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Steel Making

Heat-treating Equipment And Methods For Mass Production
The heat-treating department of the Brown-Lipe-Chapin Company...

The Forging Of Steel
So much depends upon the forging of steel that this operation...

Composition Of Transmission-gear Steel
If the nickel content of this steel is eliminated, and the pe...

Drop Forging Dies
The kind of steel used in the die of course influences the he...

William Kelly's Air-boiling Process
An account of Bessemer's address to the British Association w...

Nickel-chromium
A combination of the characteristics of nickel and the charac...

Protectors For Thermo-couples
Thermo-couples must be protected from the danger of mechanica...

Hardening High-speed Steel
In forging use coke for fuel in the forge. Heat steel slowly ...

Hardening Carbon Steel For Tools
For years the toolmaker had full sway in regard to make of st...

Tempering Colors On Carbon Steels
Opinions differ as to the temperature which is indicated by t...

Carburizing By Gas
The process of carburizing by gas, briefly mentioned on page ...

Temperature Recording And Regulation
Each furnace is equipped with pyrometers, but the reading an...

Hardening
The forgings can be hardened by cooling in still air or quen...

Annealing To Relieve Internal Stresses
Work quenched from a high temperature and not afterward tempe...

The Theory Of Tempering
Steel that has been hardened is generally harder and more br...

Hints For Tool Steel Users
Do not hesitate to ask for information from the maker as to t...

Quenching The Work
In some operations case-hardened work is quenched from the bo...

Effect Of Different Carburizing Material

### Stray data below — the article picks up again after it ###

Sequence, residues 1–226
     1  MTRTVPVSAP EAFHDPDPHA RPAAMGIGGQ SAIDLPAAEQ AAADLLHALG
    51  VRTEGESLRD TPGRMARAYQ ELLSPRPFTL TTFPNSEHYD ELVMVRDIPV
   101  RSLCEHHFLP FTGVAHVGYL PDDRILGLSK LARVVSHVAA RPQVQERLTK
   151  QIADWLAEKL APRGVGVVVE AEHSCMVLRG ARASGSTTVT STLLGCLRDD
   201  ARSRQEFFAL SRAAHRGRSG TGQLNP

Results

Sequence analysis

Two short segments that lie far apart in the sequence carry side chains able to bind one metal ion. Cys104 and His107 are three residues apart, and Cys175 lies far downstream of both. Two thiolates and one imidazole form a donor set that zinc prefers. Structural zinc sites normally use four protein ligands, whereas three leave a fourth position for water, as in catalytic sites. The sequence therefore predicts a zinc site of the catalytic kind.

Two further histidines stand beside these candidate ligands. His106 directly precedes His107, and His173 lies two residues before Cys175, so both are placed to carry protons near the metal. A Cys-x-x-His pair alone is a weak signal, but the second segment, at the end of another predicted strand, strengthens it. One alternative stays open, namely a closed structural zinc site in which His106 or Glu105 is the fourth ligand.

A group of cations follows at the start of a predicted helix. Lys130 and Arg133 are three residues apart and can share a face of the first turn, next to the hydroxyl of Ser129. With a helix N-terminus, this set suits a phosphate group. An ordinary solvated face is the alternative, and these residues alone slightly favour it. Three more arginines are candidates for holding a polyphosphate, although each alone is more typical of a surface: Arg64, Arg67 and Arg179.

[Illustrations: FIGS. 33 to 37.] Each of these different p...

Knowing What Takes Place
How are we to know if we have given a piece of steel the ver...

Blending The Compound
Essentially, this consists of the sturdy, power-driven separa...



Preventing Cracks In Hardening






Category: HARDENING CARBON STEEL FOR TOOLS

The blacksmith in the small shop, where equipment is usually very
limited, often consisting of a forge, a small open hard-coal furnace,
a barrel of water and a can of oil must have skill and experience.
With this equipment the smith is expected to, and usually can,
produce good results if proper care is taken.

In hardening carbon tool steel in water, too much cannot be said in
favor of slow, careful heating, nor against overheating if cracks
are to be avoided.

It is not wise to take the work from the hardening bath and leave
it exposed to the air if there is any heat left in it, because
it is more liable to crack than if left in the bath until cold.
In heating, plenty of time is taken for the work to heat evenly
clear through, thus avoiding strains caused by quick and improper
heating, In quenching in water, contraction is much more rapid
than was the expansion while heating, and strains begin the moment
the work touches the water. If the piece has any considerable size
and is taken from the bath before it is cold and allowed to come to
the air, expansion starts again from the inside so rapidly that the
chilled hardened surface cracks before the strains can be relieved.

Many are most successful with the hardening bath about blood warm.
When the work that is being hardened is nearly cold, it is taken
from the water and instantly put into a can of oil, where it is
allowed to finish cooling. The heat in the body of the tool will
come to the surface more slowly, thus relieving the strain and
overcoming much of the danger of cracking.

Some contend that the temper should be drawn as soon as possible
after hardening: but that if this cannot be done for some hours, the
work should be left in the oil until the tempering can be done. It
is claimed that forming dies and punch-press dies that are difficult
to harden will seldom crack if treated in this way.

Small tools or pieces that are very troublesome because of peculiar
shape should be made of steel which has been thoroughly annealed.
It is often well to mill or turn off the outer skin of the bar,
to remove metal which has been cold-worked. Then heat slowly just
through the critical range and cool in the furnace, in order to
produce a very fine grain. Tools machined from such stock, and
hardened with the utmost care, will have the best chance to survive
without warping, growth or cracking.





Next: Shrinking And Enlarging Work

Previous: Hints For Tool Steel Users



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